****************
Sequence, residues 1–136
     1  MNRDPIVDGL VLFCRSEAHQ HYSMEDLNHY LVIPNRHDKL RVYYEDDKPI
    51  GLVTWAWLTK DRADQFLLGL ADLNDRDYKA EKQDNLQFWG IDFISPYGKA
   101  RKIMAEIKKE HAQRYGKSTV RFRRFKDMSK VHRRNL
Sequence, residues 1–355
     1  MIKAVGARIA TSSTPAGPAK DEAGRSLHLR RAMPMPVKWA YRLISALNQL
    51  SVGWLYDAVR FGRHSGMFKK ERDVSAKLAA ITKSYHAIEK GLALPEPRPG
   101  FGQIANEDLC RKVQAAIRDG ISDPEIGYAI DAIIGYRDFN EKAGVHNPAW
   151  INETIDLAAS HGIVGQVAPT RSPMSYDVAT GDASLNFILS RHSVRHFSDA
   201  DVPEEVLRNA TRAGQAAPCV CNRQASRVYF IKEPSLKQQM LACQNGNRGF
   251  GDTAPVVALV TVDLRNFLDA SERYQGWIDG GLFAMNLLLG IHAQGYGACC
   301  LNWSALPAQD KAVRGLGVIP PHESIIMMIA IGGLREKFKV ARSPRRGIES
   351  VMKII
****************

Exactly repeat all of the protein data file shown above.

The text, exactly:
Sequence, residues 1–136
     1  MNRDPIVDGL VLFCRSEAHQ HYSMEDLNHY LVIPNRHDKL RVYYEDDKPI
    51  GLVTWAWLTK DRADQFLLGL ADLNDRDYKA EKQDNLQFWG IDFISPYGKA
   101  RKIMAEIKKE HAQRYGKSTV RFRRFKDMSK VHRRNL
Sequence, residues 1–355
     1  MIKAVGARIA TSSTPAGPAK DEAGRSLHLR RAMPMPVKWA YRLISALNQL
    51  SVGWLYDAVR FGRHSGMFKK ERDVSAKLAA ITKSYHAIEK GLALPEPRPG
   101  FGQIANEDLC RKVQAAIRDG ISDPEIGYAI DAIIGYRDFN EKAGVHNPAW
   151  INETIDLAAS HGIVGQVAPT RSPMSYDVAT GDASLNFILS RHSVRHFSDA
   201  DVPEEVLRNA TRAGQAAPCV CNRQASRVYF IKEPSLKQQM LACQNGNRGF
   251  GDTAPVVALV TVDLRNFLDA SERYQGWIDG GLFAMNLLLG IHAQGYGACC
   301  LNWSALPAQD KAVRGLGVIP PHESIIMMIA IGGLREKFKV ARSPRRGIES
   351  VMKII